Just like the exhibition Omega 3 is devoted to something that is dying out and past its ‘use-by’ date (it could be a certain form of agriculture, or a type of work organisation with the instrument and interiors that are particular to it, and even the linseed sorting factory building itself), it so happened that I got to see the exhibition at the last stage of its life, that is, shortly before it closed. Now, when looking over the photographs of the opening, I can see that the exhibition has dated. The wonderful little altar by Ilze Vanaga, which she created for her daughter, has become permeated by damp and dust, the flowers long since faded and withered, the strawberries covered in a layer of mould. The factory has devoured this refuge, all the beauty has gone with the wind (quite literally) – a cold draught blows through these premises, one that is especially noticeable at the entrance where the paintings Pārsāts (Oversatiated) by Anda Lāce are on display and where I lingered awhile, seeking to figure out in which direction (from left to right, or from the smallest to the largest) it should be ‘read’.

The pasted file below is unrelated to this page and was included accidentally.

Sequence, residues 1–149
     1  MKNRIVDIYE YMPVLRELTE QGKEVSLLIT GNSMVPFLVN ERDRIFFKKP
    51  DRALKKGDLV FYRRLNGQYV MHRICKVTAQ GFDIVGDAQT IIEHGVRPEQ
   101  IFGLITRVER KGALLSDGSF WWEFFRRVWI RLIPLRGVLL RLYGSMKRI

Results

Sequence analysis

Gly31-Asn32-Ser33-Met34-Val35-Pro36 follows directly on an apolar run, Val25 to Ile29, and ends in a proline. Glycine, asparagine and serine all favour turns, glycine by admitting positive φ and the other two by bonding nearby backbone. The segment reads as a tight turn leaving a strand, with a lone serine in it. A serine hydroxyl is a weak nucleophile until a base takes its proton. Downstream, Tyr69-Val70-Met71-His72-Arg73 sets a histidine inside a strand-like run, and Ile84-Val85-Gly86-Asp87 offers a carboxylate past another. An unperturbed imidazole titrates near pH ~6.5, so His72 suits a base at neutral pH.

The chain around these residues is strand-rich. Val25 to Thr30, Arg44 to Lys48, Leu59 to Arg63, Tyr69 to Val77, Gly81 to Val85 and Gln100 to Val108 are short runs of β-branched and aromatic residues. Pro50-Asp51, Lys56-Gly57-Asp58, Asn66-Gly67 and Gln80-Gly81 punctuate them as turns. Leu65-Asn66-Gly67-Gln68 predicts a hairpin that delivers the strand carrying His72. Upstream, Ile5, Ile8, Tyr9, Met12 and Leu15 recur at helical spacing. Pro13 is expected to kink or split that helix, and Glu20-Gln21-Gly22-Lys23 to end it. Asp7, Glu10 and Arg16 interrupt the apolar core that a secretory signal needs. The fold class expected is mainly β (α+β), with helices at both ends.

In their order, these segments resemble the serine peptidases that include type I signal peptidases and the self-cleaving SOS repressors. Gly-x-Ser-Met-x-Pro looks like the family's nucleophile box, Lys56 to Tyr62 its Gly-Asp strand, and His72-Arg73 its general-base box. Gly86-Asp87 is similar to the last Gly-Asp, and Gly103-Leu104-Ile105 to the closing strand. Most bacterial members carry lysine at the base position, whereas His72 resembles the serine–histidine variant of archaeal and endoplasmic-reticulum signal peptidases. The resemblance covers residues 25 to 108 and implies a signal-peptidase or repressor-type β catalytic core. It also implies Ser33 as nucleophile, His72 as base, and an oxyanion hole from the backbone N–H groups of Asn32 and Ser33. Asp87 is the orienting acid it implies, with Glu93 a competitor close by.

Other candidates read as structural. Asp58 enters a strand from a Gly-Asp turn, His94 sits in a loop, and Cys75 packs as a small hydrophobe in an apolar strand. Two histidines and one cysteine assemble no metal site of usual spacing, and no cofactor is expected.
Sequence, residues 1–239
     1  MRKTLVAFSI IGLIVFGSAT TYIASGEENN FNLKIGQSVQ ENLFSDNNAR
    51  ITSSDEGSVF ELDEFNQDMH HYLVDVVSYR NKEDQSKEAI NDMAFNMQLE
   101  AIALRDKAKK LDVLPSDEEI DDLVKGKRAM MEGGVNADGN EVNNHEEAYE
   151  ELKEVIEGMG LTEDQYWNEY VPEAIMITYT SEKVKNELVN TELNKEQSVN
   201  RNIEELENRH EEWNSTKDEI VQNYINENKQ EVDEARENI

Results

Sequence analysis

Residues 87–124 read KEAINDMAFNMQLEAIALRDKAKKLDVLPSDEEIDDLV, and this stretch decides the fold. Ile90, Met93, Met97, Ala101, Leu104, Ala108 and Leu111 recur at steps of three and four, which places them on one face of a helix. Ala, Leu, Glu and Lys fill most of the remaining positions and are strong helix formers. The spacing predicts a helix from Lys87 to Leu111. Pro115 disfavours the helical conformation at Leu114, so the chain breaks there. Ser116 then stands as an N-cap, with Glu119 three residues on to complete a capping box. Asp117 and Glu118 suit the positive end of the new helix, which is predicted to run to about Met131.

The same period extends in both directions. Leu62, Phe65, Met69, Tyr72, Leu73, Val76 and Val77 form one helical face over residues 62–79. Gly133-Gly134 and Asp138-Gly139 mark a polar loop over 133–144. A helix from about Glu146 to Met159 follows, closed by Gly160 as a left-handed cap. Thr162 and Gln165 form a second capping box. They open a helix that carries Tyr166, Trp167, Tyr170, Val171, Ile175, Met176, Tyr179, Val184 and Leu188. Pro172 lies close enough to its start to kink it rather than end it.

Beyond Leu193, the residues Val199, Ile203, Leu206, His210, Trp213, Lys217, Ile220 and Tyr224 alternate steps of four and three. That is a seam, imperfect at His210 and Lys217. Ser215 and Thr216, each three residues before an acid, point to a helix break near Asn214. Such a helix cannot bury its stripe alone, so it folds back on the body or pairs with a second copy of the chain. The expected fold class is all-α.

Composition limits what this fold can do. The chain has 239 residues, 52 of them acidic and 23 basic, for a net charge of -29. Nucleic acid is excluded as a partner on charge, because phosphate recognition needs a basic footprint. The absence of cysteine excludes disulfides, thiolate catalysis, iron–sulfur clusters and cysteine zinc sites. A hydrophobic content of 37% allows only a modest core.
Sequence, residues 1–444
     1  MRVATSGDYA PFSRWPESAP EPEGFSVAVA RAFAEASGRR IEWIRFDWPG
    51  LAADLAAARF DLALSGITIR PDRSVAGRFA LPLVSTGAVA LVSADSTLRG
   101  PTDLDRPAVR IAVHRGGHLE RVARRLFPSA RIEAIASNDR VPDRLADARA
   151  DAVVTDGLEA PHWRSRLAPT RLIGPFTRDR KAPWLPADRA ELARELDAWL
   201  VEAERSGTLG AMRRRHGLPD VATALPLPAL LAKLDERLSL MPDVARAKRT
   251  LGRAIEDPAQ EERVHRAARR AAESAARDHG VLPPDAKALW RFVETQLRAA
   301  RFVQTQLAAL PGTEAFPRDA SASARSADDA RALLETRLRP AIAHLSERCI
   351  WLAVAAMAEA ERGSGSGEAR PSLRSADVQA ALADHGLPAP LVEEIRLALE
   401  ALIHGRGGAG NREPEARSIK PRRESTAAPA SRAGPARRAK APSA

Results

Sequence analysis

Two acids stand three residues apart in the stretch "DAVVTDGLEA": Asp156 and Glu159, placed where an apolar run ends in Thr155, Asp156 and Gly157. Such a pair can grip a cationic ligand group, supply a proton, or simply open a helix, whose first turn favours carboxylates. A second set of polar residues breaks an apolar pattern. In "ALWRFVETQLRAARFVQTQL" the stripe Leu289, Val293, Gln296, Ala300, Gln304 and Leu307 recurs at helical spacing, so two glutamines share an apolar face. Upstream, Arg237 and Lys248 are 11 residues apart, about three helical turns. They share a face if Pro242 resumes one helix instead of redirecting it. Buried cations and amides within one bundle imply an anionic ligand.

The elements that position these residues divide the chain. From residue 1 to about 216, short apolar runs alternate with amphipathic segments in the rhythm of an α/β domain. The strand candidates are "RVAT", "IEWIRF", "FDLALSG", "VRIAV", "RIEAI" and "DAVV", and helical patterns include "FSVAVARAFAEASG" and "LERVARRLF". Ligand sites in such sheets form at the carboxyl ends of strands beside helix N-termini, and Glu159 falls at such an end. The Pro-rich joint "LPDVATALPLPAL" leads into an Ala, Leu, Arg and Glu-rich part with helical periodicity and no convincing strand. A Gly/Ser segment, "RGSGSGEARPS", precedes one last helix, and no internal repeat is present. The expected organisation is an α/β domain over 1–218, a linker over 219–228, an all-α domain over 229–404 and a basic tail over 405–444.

This time I wish to discover the correlation between Lāce’s works and their titles, which seem to be important, for example, Ģimenes māja meža vidū (Family Home in the Middle of the Forest) (this is most pleasant after the many Untitled that are so characteristic of paintings of the last half century). Likewise, the large-format photo print Māja Mēnikuno purvā (House in Menikuno Marsh) by Kaspars Lielgalvis, which has been hung up on the outside wall of the factory and which at the time of our visit looked quite distressed; however, on examining the pictures from the opening, I come to the conclusion that I am mistaken in my assumptions about the origins of this aestheticised raggedness – it was done not by the artist’s hand, but by his unpredictable helpers: the wind and the rain of the Mooste plains, thus allowing Lielgalvis to fulfil the conception of his work and to observe the ‘overlapping of the past with the future’. Nevertheless, a consciousness of the ‘dying breaths’ of the exhibition elicits not only a mood of melancholy, but also another vector of meaning which, quite possibly, nobody (including myself) has taken into account.